WHAT KNITTING CAN TEACH YOU ABOUT STORYTELLING

IMG_0323You’re a write eejit when you can’t control your knitting habits.

It hit me the other day like a blast from a water cannon that I’d become one of those crazy-aunt knitters. I knit things for people, unasked. I decide what they want—shape, color, pattern—and gift it to them so they feel obliged to wear it occasionally, and are terrified of tossing it in the bag for The Good Will.

“Socks, here ya go!” “Hats, I got that.” “Legwarmers—I thought of you!”

Yes, I know it became very trendy to knit a few years back, but honestly, I wasn’t riding that wave. I’d done it in a halfhearted, multiple unfinished projects at the back of the cupboard, way since I was a kid. I blame television, or rather, bad television. You need a distraction on hand—hence the knitting.

The success of my knitting hinges largely on how good what I’m watching is. I can rate a show, by how many rows I rip out the next day: the better the show, the more mistakes I make.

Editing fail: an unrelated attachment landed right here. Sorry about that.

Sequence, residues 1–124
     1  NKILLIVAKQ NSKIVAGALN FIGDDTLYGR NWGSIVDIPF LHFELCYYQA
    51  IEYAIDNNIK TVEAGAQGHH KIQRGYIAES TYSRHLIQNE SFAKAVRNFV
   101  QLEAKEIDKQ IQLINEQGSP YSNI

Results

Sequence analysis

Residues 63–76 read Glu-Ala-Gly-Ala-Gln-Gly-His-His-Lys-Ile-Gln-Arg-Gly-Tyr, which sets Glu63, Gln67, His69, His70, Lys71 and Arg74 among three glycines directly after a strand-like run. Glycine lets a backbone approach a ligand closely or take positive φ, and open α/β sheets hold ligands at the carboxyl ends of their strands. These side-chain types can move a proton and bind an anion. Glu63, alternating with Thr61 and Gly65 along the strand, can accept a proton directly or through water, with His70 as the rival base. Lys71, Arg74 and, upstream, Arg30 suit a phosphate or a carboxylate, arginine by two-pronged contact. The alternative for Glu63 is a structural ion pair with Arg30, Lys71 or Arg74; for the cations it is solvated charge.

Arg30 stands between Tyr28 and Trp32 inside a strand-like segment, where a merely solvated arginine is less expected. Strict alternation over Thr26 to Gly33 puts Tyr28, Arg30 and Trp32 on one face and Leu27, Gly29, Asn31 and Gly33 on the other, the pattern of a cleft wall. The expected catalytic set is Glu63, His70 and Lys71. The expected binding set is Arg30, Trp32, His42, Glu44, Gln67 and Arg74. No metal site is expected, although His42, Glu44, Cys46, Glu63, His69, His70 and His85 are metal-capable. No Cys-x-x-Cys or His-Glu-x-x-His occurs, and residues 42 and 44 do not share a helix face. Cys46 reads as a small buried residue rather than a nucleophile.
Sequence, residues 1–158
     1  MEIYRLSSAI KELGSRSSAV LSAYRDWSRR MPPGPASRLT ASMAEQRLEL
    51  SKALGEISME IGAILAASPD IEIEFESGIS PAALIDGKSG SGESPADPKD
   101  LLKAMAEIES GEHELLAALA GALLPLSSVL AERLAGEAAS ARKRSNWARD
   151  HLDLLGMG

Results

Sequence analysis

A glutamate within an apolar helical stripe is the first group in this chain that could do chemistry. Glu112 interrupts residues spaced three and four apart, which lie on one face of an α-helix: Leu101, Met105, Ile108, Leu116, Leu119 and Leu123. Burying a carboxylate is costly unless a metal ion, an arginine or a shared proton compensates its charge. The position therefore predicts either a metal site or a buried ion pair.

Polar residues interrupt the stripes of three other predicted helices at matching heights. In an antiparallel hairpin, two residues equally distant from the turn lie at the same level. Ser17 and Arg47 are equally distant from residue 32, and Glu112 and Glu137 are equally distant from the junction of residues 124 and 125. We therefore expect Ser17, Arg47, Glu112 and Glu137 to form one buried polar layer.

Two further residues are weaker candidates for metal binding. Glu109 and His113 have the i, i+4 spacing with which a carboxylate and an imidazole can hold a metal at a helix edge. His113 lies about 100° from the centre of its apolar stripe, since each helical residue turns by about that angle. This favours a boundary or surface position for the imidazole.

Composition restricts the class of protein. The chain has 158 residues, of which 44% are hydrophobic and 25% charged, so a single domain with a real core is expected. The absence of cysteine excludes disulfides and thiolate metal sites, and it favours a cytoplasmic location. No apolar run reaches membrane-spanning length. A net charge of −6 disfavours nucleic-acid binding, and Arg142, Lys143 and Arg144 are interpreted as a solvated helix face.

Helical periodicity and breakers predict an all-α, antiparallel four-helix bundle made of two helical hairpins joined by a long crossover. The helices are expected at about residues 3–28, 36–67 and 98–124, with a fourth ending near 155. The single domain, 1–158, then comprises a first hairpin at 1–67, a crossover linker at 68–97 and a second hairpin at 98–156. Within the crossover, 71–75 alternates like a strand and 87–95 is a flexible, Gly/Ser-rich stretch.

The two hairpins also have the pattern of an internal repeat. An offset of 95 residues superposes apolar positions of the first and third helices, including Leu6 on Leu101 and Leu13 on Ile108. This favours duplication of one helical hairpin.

Mad Men, Game of Thrones, Breaking Bad, all six-month sweater projects, for sure.

What do these programs have in common? Great storytelling, gripping scenes, emotional involvement. They suck you in. And sigh, yes, the writers of these shows are such experts in their craft that before you know it, you’ve knitted three armholes, or two left sides. I can always tell how good a season of Game of Thrones is if I’m still knitting a winter sweater in May.

Instead of torturing nearest and dearest with my knitted offerings, I should be sitting on the couch with a pen and paper, taking copious notes on story arc, character development, tension building. And I swear I will, just as soon as I’ve finished this tea cozy hat.

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